John Wick’s Original Script Only Had 3 Kills

John Wick

Few would disagree with the John Wick series being called the best action series to come out of Hollywood in recent memory. The first film kicked things off with frenetic high body-count action scenes and its sequels only upped the ante from there. Each John Wick adventure is over the top, overly violent and an overall excellent portfolio of impressive action scenes. But it seems that was not always going to be the case.

Director Chad Stahelski recently revealed that the first film’s original screenplay only saw Wick kill a measly 3 people. For context, that would be approximately 77 fewer deaths than in the final cut, meaning that this draft would be missing over 95% of the movie’s kills. Stahelski recently explained how the film came to be so different from the original script when speaking to, saying:

“I think [Keanu Reeves] sent [the script] to me on a Friday and I read it maybe that day and thought about it over the weekend. It was much more contained. I think only three people died in the original script, two were in a car crash. It was very, very minimal, and it was slightly different. I read it, and I’d always had this idea about Greek mythology and how to tell more a fablestic kind of story, make a surreal action movie so it wasn’t so grounded and gray, just something different.”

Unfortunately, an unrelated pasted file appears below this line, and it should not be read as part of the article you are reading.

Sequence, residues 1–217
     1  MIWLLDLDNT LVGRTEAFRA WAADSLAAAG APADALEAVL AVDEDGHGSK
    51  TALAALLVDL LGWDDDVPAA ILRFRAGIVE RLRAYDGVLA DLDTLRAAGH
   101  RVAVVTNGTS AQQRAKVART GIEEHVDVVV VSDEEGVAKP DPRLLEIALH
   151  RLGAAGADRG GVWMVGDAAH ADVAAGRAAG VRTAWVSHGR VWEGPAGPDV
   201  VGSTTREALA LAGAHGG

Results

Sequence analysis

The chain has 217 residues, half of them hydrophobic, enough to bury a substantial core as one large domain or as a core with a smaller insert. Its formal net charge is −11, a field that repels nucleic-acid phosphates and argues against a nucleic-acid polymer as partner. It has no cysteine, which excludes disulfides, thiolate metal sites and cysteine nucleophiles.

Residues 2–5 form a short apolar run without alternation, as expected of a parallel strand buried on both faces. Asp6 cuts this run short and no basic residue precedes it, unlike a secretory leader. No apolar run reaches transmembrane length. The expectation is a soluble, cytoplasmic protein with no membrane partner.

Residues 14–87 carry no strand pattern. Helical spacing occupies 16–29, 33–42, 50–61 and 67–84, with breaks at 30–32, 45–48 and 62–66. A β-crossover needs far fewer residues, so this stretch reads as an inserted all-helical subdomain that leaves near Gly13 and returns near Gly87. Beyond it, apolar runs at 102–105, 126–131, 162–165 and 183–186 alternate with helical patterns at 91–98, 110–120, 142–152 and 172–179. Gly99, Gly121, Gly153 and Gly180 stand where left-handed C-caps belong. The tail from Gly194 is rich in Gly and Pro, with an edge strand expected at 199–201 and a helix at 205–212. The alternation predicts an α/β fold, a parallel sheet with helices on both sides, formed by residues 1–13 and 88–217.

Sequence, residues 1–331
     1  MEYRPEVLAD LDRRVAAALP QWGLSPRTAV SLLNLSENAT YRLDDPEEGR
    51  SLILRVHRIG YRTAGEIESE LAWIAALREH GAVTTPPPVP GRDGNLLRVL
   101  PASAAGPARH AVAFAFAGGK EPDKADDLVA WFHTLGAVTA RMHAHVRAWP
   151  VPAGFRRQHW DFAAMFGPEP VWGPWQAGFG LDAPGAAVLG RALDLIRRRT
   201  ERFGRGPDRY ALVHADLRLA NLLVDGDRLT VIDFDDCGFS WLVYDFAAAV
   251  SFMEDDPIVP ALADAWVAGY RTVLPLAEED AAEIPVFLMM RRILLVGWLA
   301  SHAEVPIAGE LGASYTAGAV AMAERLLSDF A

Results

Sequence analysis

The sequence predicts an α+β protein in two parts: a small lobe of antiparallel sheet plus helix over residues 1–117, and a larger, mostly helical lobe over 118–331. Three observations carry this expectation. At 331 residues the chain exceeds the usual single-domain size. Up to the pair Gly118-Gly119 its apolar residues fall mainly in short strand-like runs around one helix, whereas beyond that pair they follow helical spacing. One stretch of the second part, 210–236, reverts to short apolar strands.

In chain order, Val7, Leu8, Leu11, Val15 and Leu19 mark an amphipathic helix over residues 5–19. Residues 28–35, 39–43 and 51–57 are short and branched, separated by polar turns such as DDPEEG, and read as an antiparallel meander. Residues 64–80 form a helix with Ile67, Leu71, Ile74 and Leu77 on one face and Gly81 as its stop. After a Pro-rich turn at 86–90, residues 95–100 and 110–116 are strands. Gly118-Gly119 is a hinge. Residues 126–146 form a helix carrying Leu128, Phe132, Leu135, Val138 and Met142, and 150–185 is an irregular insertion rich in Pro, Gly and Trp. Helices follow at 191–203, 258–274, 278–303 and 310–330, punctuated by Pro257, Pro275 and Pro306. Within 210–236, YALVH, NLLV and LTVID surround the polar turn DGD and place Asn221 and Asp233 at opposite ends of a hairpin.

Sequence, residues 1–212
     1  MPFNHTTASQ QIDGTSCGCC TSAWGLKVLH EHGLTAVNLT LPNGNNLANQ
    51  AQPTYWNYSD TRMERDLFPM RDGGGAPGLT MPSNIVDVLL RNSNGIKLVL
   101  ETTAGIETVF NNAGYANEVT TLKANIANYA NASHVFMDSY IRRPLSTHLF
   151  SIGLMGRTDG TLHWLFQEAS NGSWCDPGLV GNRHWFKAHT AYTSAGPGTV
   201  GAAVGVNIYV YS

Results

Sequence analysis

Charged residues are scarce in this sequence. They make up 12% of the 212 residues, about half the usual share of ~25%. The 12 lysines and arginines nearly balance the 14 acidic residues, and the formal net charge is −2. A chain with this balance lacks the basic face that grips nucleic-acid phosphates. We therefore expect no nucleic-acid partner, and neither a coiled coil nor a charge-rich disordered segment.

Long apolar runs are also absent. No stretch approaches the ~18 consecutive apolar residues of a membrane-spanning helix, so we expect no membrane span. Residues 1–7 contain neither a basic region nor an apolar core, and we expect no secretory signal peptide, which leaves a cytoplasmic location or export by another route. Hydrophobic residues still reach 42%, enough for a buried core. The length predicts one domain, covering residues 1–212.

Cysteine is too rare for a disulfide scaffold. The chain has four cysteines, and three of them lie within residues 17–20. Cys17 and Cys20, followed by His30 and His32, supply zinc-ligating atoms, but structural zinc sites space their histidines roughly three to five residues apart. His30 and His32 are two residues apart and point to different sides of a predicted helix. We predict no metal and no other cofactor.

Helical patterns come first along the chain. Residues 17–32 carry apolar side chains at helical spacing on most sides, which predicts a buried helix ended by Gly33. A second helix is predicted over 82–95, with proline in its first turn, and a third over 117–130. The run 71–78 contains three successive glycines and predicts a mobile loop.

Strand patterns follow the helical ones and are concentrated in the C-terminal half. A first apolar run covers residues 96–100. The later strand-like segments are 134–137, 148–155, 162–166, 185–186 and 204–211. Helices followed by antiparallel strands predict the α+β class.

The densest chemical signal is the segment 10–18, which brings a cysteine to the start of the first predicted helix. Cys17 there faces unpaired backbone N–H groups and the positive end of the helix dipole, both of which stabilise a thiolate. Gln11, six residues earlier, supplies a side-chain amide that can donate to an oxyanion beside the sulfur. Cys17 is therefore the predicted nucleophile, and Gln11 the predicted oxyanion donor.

He added that:

“People joke about [the kill count], but the way I choreograph with my guys and stuff, we just choreograph motion and set pieces and we try to get this balletic kind of dance, live performance feel to everything. It’s just when you shoot people in the head, they can’t get back up so you can reuse a stunt guy. Every time Keanu moves, he does two half circles. He’s killed five guys. So I got to keep using more and more stunt guys.”

Stahelski has directed every John Wick film released so far, which explains how they’ve all been able to maintain this sensibility, even as the number of nameless goons to be dispatched increases and the set pieces become more fantastically exaggerated. According to the director, the sequels’ constant escalation stems not from a perceived need to outdo prior films, but rather a desire to adapt to the star’s ever-advancing finesse.

“I think, just by nature, because Keanu’s gotten so much better with the choreography and the martial arts and the motion and we change weapons so much and we get bigger set pieces, that, just by its very nature, because the scene grows, the body count grows. But we don’t start off going, ‘Okay, what was in number three? How do we beat it for number four?’ We just choreograph and it happens.”

What will this mean for the upcoming John Wick: Chapter 4? Stahelski has so far remained silent, but with his position in the director’s chair secured and Keanu Reeves probably having ample time to train while in lockdown, signs seem to suggest that the next John Wick outing will keep this series tradition alive and well.